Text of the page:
The volume rocker and power button are placed basically in the same position on SGS2 as the previous generation. Power is on the right about three quarters of the way up the right side of the device, and volume on the left side positioned with the top of the volume rocker in-line with the top of the power button. Thankfully these buttons are communicative and clicky as ever, I can’t find any fault with them.

There’s a notch which looks like the slot for a hand strap just above the volume rocker. There’s no microphone attached on the inside to this area, so it’s a bit unclear to me what this is for if it isn’t for a hand strap.

At top is another microphone port for both noise cancellation during calls using a discrete solution by Audience. Right next to it is the standard 3.5mm headphone jack.

The front of SGS2 is one unbroken glass surface, just like you’d expect for a top-tier smartphone launching this generation. Starting at the top is the 2 MP front facing camera, and right next to it is the proximity sensor and ambient light sensor. Of course, the real centerpiece is the 4.3" WVGA Super AMOLED+ display (henceforth SAMOLED+) which we’ll talk more about in a moment.

Physical Impressions and Comparison Table
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  • ph0tek - Sunday, September 11, 2011 - link

    First of all Android is better than iOS in so many ways that i'd be here all day listing them..... and the same goes for this phones hardware compared to the iPhone so i wont even bother!

    Secondly the S2 might have a slightly lower display res but it has better response times, infinitely better contrast, vastly better blacks, more vibrant colours, plus superior viewing angles. And all this on a screen that isn't stupidly tiny. It's clearly better overall.
    Everyone who i've shown to this phone to instantly says the screen is the best they've seen, even iPhone users.

    With the battery theres not much difference, it has longer battery life for talk time than iPhone, and also longer battery when using hotspots, while displaying Flash content too! Yes you can view the WHOLE web on this.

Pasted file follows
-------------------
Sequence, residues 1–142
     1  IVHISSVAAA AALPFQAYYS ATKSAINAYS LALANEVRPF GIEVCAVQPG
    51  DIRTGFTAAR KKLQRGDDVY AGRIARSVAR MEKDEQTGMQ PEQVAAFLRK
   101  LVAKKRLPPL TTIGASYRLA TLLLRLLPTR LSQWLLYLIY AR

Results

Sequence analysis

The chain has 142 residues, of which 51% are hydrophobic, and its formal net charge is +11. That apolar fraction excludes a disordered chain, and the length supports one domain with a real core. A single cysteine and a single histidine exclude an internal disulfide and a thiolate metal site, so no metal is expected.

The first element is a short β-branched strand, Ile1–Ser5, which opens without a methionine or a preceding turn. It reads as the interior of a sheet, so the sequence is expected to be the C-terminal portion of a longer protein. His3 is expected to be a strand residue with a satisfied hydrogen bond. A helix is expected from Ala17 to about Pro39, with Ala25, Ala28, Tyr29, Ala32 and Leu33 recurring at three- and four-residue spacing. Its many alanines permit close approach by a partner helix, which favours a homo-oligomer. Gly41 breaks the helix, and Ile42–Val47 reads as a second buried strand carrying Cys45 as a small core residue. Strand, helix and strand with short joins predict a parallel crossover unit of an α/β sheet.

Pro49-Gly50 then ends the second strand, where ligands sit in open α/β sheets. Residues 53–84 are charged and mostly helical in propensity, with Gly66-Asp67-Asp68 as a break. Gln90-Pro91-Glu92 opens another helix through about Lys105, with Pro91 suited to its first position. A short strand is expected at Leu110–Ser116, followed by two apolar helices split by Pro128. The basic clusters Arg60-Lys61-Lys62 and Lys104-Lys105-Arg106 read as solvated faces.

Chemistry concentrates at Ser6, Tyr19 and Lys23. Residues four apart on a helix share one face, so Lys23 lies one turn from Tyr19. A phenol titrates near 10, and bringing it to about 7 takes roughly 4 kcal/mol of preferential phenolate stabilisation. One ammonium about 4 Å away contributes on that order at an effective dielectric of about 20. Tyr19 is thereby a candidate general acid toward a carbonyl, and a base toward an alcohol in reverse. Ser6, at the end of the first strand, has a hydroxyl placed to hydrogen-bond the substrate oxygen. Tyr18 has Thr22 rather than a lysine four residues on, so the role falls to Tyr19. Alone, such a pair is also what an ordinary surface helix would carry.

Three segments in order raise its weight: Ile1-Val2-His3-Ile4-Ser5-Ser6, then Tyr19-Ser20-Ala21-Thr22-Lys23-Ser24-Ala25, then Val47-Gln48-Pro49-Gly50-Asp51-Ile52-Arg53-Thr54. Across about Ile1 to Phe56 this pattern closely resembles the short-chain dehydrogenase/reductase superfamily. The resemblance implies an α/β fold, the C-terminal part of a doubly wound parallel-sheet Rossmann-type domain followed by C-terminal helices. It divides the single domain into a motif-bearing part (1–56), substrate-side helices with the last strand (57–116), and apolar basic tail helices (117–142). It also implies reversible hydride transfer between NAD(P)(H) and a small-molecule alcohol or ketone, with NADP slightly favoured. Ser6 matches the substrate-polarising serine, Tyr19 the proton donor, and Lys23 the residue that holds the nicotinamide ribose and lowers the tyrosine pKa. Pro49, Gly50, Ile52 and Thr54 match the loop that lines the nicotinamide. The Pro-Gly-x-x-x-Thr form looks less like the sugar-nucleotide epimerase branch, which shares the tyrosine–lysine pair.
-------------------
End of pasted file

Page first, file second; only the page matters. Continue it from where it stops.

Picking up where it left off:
I find it very amusing that you even try to compare the iPhone to this. Theres simply no comparison. Like comparing a ferrari to a skoda. Just makes you look stupid.
    Reply
  • niva - Monday, September 12, 2011 - link

    Why are you arguing with an iFanboy? Reply
  • LostViking - Saturday, September 17, 2011 - link

    You could argue that the SGS 2 is better (for me it wins hands down), and you could argue that the iPhone 4 is better.

    Some people get sever rashes all over their body by using products not made by Apple ;)
    For those people the original iPhone beats the SGS 2 and all future Android devices easily :)
    Reply
  • jjj - Sunday, September 11, 2011 - link

    hard to like any new phone now when Krait and A15 are around the corner. Reply
  • killerroach - Sunday, September 11, 2011 - link

    Remember... there's ALWAYS something around the corner. Reply
  • jjj - Monday, September 12, 2011 - link

    Actually there is rarely something like this around the corner.This time we got both new cores and a new node (and the jump from 40/45 nm to 28 nm is pretty big). Reply
  • 3lackdeath - Sunday, September 11, 2011 - link

    Nice phone but WP7 is faster and smoother. Reply
  • OBLAMA2009 - Sunday, September 11, 2011 - link

    400x800? no thx Reply
  • MacTheSpoon - Sunday, September 11, 2011 - link

    What a staggeringly awesome review. I am really impressed. The audio section--wow.

    I sure wish the screen were brighter and the audio better on this phone, but I have to put it on my short list.
    Reply
  • Piyono - Sunday, September 11, 2011 - link

    "There, Anand and *I* played with..." Reply